Tolerance and the Mosque

by Charles Platt

Both sides are claiming tolerance. The Mayor is all in favor of it (actually I assume he is just in favor of saying whatever gets him re-elected). The moslems are in favor of it, seeking merely to “reach out” (actually they are in favor of everyone becoming a moslem, because that’s what their spiritual force tells them).

How about opening a Moslem strip club? Call it “The 72 Virgins,” get a guy named Mohammed to run it, subtitle “The closest you can get to paradise without being killed by a suicide bomber.”

Now we have a measure by which we can assess tolerance as I understand the word. Will the pious Mayor and his First Amendment speech writer defend the right of the strip club to exist? No? Then he’s bogus. Do the Moslems endorse it as a powerful way of reaching out to the locals? No? Then they’re bogus. To the relatives of the dead find it acceptable? No? Then clearly they object to moslems, not strip clubs, and dead relatives are just an excuse for expressing their feelings.

Alas, “The 72 Virgins” would be firebombed within a week, if the cops didn’t close it first. But that, too, would be a statement about tolerance.

18 Responses to Tolerance and the Mosque

  1. yoshi says:

    Bloomberg can’t run again unless he literally buys off on changing the election law again on maximum number of terms he can serve.

  2. Cam says:

    Wow, you put almost as much thought into this entry as I put into this response. Bravo.

  3. DMG says:

    Since Bloomberg was just elected to his third term, which doesn’t expire until 2014, and would have to seek another amendment to the city charter in order to run for the fourth term…do you really thing reelection is on his mind?

    This is part of why making a local zoning board decision into a national issue is so stupid. Hardly anyone opining on it actually knows anything about NYC, or even cares to.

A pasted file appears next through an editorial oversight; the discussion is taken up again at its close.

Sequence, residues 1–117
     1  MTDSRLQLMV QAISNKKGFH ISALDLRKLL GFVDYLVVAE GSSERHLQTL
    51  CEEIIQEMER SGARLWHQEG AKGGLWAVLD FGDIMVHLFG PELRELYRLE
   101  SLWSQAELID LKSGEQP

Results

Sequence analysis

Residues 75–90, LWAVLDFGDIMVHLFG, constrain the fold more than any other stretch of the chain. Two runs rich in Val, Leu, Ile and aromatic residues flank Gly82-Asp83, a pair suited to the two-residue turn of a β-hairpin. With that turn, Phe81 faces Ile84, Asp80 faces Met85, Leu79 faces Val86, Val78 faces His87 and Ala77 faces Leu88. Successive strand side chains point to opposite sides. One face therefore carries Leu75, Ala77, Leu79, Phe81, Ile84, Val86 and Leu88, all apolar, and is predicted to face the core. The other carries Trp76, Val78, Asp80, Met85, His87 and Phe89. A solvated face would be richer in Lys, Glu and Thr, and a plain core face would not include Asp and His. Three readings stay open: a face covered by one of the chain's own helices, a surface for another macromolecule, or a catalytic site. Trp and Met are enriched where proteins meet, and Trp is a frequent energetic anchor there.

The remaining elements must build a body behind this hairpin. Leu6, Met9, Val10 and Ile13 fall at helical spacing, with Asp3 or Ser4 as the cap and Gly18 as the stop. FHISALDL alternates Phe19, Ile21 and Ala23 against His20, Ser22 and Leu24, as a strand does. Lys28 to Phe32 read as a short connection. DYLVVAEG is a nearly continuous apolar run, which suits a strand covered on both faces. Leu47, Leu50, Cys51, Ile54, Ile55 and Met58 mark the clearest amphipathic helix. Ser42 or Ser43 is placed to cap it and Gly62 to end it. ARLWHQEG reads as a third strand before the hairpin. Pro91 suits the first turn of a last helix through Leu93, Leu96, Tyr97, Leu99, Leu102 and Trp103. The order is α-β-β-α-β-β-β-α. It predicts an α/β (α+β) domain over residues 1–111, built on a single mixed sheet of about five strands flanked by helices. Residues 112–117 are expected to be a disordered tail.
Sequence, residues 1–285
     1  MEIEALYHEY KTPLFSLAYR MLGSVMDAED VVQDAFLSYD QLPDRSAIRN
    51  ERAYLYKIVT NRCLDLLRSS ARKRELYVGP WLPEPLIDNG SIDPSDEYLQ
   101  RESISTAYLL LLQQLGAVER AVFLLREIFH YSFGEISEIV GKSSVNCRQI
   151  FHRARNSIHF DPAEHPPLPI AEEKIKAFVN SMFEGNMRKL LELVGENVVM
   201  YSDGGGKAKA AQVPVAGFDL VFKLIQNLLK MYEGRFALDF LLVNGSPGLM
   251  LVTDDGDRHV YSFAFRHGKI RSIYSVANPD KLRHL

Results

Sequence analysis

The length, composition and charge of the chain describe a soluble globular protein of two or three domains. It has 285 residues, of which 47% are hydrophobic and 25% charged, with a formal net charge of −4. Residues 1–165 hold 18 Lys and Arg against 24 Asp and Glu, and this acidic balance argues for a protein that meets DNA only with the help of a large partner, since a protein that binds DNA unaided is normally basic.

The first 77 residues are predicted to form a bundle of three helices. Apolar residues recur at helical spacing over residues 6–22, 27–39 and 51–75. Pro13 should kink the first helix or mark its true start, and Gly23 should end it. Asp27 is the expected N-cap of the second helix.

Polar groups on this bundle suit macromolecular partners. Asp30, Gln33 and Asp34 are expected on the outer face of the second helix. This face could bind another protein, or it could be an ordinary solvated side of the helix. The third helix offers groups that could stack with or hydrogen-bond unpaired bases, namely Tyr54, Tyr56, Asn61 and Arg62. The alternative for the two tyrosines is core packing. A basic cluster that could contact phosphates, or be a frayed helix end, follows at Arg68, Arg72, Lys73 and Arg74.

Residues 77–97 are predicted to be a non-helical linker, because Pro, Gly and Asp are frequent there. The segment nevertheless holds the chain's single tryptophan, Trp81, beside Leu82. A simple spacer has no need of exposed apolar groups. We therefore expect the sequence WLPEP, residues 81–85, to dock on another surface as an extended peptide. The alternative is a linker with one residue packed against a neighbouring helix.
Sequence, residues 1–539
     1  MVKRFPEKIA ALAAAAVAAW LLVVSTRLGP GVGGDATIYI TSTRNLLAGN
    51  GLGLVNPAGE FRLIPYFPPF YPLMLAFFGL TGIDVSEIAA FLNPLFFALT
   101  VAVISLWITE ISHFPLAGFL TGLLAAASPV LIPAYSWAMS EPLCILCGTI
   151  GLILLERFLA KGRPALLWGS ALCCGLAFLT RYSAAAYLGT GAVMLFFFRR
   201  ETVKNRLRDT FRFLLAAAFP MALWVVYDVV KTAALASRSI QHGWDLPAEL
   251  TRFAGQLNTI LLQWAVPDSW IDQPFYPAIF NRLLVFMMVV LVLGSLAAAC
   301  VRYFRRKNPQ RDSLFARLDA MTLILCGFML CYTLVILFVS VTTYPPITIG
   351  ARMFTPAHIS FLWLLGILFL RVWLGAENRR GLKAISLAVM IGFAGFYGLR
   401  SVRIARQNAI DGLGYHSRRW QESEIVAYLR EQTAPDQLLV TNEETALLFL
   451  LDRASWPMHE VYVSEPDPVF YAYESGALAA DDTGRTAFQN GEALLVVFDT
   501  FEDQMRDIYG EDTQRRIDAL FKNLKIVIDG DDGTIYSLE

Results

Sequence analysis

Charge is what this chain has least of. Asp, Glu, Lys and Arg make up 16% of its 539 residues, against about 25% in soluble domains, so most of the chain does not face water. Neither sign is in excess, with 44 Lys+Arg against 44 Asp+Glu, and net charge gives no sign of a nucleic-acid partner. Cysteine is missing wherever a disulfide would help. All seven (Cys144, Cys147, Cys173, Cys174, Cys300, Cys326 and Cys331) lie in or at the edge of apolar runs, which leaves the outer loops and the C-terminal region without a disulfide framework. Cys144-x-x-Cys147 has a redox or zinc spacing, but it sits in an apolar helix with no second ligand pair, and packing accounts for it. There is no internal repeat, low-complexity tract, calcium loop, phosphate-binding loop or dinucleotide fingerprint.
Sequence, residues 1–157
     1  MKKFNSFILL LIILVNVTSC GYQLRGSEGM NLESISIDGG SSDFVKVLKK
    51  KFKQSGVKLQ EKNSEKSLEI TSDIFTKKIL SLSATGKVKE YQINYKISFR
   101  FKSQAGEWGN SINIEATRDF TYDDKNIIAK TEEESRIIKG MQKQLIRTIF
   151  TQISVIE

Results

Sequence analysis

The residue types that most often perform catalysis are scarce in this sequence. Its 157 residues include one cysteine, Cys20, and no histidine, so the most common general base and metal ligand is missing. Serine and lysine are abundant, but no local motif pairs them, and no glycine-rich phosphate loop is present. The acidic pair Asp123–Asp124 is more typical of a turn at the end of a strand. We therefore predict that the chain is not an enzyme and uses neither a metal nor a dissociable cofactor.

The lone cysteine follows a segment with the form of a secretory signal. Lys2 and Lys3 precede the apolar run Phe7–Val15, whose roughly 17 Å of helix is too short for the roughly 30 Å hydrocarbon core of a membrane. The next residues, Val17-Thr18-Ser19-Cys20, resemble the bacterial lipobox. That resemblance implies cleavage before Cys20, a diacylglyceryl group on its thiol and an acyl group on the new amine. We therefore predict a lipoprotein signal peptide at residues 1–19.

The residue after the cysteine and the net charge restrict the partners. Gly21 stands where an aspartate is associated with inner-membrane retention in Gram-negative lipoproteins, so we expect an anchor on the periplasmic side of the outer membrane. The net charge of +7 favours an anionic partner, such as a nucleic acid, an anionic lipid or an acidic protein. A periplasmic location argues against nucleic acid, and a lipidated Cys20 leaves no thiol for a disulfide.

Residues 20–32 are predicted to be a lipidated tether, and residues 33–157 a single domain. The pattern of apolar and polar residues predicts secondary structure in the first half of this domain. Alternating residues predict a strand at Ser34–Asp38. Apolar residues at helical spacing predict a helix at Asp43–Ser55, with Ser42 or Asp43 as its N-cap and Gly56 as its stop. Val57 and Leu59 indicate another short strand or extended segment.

• zorach says:

      I don’t think this is strictly about tolerance, as it is about correctly identifying/distinguishing terrorists and extremists from legitimate and peaceful members of a religion like Islam.

      We certainly don’t want to tolerate Islamic terrorism.

      The key here is to make this distinction (which I explain more in my blog post).

  4. Charles Platt says:

    Didn’t know about Bloomberg’s re-election situation. But no doubt he may have plans to run for some other office. The point stands: Political statements are still political statements, even when we happen to resonate with them personally. That’s what makes them so mendacious. They masquerade as heartfelt sentiment, yet they seldom are.

    • DMG says:

      You mean like the political statements from people outside of NY who are opposed to it? The same people actually up for election in the near future. Those people? The ones you ignored in your haste to go after the mayor for a statement you apparently didn’t like. Where you took a dig at him based on something you clearly know nothing about?

      Solid reasoning….

      • Charles Platt says:

        Yep. They’re almost all the same to me. Nothing they say is trustworthy, because their political future hinges largely on what they say. And I sure hope you don’t think that Bloomberg writes his own speeches.

        • DMG says:

          Of course not, and I’m not a big fan of his either but I give credit where it’s due. I still appreciate any defense of the First Amendment.

          • Charles Platt says:

            Well that’s fair enough. The trouble is, though, I have a feeling the First Amendment is being invoked as a matter of convenience in this case. But maybe I’m too cynical.

            • DMG says:

              I don’t see any real benefit for Bloomberg on this one since opposing it seems to be the popular thing to do.

              That said, these days I’ll take what I can get.

  5. Matt Saunders says:

    Every time I think I’ve read the stupidest post on here, someone comes along and tops it. Nicely done!

  6. zorach says:

    I think the debate is a little bit more subtle than this analogy to the strip club acknowledges. As I argue in my recent post about this issue, all but the most fanatical opponents of this project acknowledge that this is constitutionally protected under the first amendment…but they are simply arguing that it’s “bad taste” or “sending the wrong message”.

    Is it though? I disagree. I think it sends the right message to the world (and to Islamic terrorists and peaceful Muslims alike) to support this project.

    And I don’t think it’s strictly a question of tolerance. We do not want to be tolerant of everything–and we particularly do not want to be tolerant of violence, extremism, and terrorism. It’s a question of correctly identifying and distinguishing terrorists and extremists, from peaceful members of a religion.

    Check out my post and let me know what you think, if you have a moment. Thanks!

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